Heartworm disease is often asymptomatic, reports petMD, but as the worms cause damage, dogs can begin to suffer from shortness of breath, coughing, resistance and intolerance to exercise, and, in severe cases, fainting and heart failure. Early infestation does not always show up on blood tests and can go untreated.
The American Heartworm Society says heartworms are foot-long worms that live and multiply in the heart, lungs and vessels of infected dogs. Heartworm disease is classified based on the number of worms present in the body. The more worms present, the more severe the heartworm disease.
Class I heartworm disease often goes undiagnosed because the dog does not display any symptoms, explains petMD. Blood tests do not detect heartworm during this stage making early diagnosis very difficult. Class II heartworm disease starts when the worms mature and multiply in the body. The heartworm larvae start to enter the blood stream and cause damage to the arteries. To counteract the damage, the body induces endarteritis, or inflammation of the artery. During this stage, the dog exhibits symptoms, including coughing, shortness of breath and nosebleeds. The arteries begin to dilate and change. These changes are characteristic to heartworm disease and can often be detected in an X-ray, leading to diagnosis.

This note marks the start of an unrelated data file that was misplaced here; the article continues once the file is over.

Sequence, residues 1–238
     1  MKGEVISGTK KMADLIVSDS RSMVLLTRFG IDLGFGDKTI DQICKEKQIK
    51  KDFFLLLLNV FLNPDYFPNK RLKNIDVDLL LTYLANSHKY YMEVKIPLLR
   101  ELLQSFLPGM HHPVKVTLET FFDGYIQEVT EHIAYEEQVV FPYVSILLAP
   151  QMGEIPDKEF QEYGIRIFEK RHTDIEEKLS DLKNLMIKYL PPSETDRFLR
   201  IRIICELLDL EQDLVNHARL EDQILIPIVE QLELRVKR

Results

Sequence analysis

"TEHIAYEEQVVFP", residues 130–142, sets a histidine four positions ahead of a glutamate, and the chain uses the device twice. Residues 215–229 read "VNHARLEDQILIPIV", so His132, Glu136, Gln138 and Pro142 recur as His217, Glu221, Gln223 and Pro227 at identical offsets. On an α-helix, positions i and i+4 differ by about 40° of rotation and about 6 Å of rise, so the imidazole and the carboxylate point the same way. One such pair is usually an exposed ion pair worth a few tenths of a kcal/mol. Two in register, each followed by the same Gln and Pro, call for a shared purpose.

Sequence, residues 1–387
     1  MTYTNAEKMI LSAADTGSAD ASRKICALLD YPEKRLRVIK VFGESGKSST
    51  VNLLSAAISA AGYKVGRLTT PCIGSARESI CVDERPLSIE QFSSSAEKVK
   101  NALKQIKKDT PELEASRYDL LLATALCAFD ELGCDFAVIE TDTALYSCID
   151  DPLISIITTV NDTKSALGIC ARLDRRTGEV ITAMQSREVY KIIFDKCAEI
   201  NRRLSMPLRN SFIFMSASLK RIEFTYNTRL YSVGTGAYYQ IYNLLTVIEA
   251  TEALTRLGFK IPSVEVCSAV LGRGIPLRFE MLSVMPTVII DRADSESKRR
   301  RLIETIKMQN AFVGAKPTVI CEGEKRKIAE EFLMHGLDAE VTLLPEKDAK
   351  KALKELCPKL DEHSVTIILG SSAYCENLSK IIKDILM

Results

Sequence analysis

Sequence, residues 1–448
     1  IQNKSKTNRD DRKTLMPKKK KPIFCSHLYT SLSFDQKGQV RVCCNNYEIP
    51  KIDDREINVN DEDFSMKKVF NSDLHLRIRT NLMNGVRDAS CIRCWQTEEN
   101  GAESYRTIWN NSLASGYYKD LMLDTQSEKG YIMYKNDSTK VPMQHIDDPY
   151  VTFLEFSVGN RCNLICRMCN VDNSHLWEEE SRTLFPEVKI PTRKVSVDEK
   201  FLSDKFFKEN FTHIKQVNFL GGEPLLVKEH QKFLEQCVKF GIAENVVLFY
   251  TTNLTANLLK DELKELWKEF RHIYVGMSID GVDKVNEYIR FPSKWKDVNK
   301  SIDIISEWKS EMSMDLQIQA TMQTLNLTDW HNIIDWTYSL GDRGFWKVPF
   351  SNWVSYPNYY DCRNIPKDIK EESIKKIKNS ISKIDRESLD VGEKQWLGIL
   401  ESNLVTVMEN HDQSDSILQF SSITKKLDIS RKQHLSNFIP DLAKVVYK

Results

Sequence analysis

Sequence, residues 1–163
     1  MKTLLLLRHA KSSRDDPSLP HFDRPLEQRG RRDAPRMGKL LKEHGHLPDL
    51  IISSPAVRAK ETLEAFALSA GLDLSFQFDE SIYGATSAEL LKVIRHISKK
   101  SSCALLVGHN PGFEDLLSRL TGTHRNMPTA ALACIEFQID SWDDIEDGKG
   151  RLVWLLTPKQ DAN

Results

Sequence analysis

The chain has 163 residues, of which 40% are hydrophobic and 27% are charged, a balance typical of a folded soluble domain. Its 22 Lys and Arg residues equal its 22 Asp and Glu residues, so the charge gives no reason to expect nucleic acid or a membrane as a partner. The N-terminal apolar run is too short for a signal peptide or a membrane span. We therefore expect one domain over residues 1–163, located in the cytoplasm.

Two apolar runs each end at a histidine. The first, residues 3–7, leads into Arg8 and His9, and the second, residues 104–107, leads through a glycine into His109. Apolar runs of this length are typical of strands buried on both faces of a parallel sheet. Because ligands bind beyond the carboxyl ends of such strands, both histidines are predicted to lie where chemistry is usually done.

If allowed to mature, the heartworms continue to multiply in and around the heart and lungs leading to Class III heartworm disease, says petMD. Increased antibodies cause damage to the eye, kidney and joints. Damage to blood vessels causes hypertension to the right side of the heart and leads to heart failure.
Heartworm disease is an aggressive, often fatal disease. The American Heartworm Society recommends a monthly preventive medication and yearly tests to ensure a dog is not infected.